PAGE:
How WordPress Post Images Can Hurt Your SEO

What happens when someone clicks on an image you have uploaded and inserted into a post or page on your WordPress site?  If you are like most people one of three things happens.

  1. The image may appear in a lightbox, with a gray background.
  2. The image may appear in its own page with a white background.
  3. The image may appear alone on a page with your header or footer.

This is all controlled from the insert media dialogue box when you insert your image.



If any of these three things occur, the link connected with the image is not leading to true content.  This is a problem for your SEO.

How Do WordPress Post Images Affect Your SEO?

The problem is, the link for the image is leading to either the file location of the image itself or to an attachment page and because these are considered thin content by search engine they may be hurting your SEO!  As Neil Matthews points out:

…Google can also index these pages and add hundreds of very low quality pages into the index for your site.

If you add 1-2 images per post that is an additional 100-200% of pages that are classed as thin content by Google.

On these pages you will see  a single image, a few lines of title text and that is all, if Google sees your site stuffed with thin content pages it will assume your site is of low quality and apply a penalty.

Google considers the following thin content:

  • Automatically generated content
  • Thin affiliate pages
  • Content from other sources. For example: Scraped content or low-quality guest blog posts
  • Doorway pages

The first item, which I bolded, is what we need to worry about.

How Do I Fix this Problem?

When you add an image to a post or page you can choose where clicks on the image goes – you can even remove the link altogether.  In the image below you can see where the options for this are.


I’d suggest choosing the “None” option for most images.  If I’m including a logo for a company in an article I will make the link go to the company’s website.  As this involves manually changing the option every time you insert an image this solution is fine for images going forward, but what if you forget?  Or what about the images already in posts on your site?   There are two solutions to the WordPress post image problem.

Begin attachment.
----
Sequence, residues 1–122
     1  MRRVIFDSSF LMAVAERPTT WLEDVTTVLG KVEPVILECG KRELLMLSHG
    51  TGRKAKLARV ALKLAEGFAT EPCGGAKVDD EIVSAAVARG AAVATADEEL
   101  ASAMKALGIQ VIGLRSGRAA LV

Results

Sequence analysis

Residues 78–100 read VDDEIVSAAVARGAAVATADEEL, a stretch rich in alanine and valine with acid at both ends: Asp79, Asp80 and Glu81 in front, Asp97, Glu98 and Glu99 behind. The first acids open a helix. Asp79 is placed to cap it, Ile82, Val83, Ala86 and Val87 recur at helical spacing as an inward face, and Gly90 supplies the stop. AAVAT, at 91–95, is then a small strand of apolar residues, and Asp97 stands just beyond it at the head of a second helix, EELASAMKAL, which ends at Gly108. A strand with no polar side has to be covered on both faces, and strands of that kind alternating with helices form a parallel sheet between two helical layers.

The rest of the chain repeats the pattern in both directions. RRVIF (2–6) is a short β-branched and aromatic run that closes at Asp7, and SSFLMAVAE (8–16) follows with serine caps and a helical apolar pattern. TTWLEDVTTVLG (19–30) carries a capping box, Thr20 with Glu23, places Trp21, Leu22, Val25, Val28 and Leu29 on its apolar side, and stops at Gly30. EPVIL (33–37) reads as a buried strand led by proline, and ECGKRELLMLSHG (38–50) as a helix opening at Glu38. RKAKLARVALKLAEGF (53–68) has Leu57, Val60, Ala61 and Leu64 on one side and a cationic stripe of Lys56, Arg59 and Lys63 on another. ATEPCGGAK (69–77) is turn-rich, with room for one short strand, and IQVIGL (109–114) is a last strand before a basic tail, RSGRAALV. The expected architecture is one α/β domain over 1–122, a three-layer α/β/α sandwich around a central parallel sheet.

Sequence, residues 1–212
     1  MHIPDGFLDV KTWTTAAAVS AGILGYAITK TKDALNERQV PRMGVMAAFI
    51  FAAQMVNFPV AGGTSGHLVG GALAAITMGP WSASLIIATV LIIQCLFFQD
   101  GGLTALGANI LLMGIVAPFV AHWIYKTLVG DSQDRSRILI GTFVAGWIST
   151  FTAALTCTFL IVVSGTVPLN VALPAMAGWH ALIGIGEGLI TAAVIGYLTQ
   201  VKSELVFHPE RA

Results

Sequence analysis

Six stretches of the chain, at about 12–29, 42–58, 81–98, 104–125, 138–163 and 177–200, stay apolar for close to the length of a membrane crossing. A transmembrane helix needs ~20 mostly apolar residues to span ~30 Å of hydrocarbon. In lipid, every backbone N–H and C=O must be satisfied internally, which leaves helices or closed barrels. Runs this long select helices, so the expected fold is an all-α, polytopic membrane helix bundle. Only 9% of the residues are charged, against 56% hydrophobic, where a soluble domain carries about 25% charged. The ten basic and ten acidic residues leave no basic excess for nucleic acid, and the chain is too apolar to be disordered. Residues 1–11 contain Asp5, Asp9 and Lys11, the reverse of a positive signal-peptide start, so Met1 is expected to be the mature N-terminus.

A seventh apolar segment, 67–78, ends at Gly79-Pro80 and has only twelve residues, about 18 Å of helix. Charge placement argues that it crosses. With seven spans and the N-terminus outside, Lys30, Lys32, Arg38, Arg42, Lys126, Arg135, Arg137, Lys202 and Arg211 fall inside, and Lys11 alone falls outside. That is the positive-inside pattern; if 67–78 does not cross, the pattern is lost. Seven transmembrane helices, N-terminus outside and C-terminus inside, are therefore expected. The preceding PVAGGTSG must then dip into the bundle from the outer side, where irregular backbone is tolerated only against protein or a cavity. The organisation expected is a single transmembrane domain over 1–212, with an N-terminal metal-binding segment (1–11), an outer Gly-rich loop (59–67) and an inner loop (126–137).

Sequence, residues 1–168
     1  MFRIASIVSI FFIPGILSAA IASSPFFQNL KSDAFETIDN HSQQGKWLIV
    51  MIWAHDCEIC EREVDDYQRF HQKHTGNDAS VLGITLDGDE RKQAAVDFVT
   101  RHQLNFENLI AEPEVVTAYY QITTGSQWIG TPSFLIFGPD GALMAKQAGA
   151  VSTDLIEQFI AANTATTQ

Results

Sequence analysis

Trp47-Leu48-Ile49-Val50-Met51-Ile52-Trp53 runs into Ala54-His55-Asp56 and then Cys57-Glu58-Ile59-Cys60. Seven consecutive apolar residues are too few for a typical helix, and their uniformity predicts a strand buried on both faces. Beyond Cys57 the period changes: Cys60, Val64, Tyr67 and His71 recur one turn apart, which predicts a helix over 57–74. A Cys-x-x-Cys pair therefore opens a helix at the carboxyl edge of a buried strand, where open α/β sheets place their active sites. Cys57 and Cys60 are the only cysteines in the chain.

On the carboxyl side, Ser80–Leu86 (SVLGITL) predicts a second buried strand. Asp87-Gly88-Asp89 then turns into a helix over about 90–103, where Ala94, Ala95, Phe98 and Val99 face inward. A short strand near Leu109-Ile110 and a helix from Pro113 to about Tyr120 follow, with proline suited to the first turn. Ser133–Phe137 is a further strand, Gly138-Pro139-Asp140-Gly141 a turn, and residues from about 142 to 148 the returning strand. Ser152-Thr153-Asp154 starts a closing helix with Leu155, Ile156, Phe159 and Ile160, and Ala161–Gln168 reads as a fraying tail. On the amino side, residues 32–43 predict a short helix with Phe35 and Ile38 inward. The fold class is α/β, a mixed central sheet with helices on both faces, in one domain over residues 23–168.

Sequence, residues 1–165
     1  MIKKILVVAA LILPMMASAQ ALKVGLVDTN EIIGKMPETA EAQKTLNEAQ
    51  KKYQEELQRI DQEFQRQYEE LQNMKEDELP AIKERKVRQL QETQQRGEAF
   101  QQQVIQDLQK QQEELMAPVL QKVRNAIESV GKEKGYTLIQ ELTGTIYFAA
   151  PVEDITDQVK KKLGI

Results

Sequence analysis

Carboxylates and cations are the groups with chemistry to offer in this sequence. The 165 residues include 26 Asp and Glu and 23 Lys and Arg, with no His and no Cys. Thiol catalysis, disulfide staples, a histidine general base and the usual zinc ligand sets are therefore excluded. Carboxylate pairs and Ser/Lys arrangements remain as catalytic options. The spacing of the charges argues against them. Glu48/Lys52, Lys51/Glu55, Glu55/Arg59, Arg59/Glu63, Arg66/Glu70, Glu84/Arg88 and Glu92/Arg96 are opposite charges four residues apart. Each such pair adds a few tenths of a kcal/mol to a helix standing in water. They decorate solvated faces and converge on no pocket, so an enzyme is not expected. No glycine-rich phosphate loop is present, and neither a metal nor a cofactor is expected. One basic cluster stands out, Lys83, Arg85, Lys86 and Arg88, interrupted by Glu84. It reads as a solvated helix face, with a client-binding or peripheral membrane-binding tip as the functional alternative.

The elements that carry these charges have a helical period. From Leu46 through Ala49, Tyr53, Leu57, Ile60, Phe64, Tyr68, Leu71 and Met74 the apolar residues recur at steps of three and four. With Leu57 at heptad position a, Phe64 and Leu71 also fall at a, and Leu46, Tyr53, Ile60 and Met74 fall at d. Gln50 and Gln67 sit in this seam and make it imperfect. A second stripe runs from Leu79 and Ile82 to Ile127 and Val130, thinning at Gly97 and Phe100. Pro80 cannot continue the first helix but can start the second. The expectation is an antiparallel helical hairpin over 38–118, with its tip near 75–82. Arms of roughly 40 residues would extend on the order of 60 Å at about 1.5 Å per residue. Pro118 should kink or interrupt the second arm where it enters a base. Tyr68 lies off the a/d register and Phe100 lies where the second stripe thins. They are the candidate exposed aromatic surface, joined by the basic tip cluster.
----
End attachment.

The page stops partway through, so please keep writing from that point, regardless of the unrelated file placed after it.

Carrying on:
Change the WordPress Post Image Default

For everything going forward I prefer to change the default to none.  Type yourdomain & wordpress folder/wp-admin/options.php in your browser bar, scroll down to image_default_link_type and change the box to say none.  Scroll all the way to the bottom to save and then check that it did save.  In my case it would not save.  I suspect my theme sets this in one of its files, so I had to add the following code, courtesy of Andrew Norcross, to my child theme’s functions.php file:

To apply this fix the WordPress post images already posted, copy/paste this code into your functions.php file:

add_filter( 'the_content', 'attachment_image_link_remove_filter' );
function attachment_image_link_remove_filter( $content ) {
 $content =
 '{ wp-image-[0-9]*" /></a>}'),
 array('<img','" />'),
 return $content;

This fix is pretty cool because it will still let you assign custom URLs to your images when needed.

Redirect WordPress Attachment Pages

If your default WordPress post images appear in an attachment page, a page that looks like your site but only has the image on it as content, install the WordPress SEO plugin (which I’ve talked about extensively) and once it it activates click on SEO->Permalinks.  Choose “Redirect attachment URL’s to parent post URL”.


This will work for all of your images – past and future.

Create a Custom Attachment Page

You could also create a custom attachment page and even include some content on the page if you want to use custom fields. has an easy to understand article here on how to set up the attachment page.  Adding the code for custom fields is covered here and could be used to add information about the WordPress post image.  I imagine the custom attachment page is probably best used by people in the photograph, arts, or fashion fields to add details about the images.  Make sure you are adding substantial information so that the page is not considered thin content.  Also make sure your content is not simply a cut-and-paste of the content in your original article, otherwise you’ll be dinged for duplicating your content.


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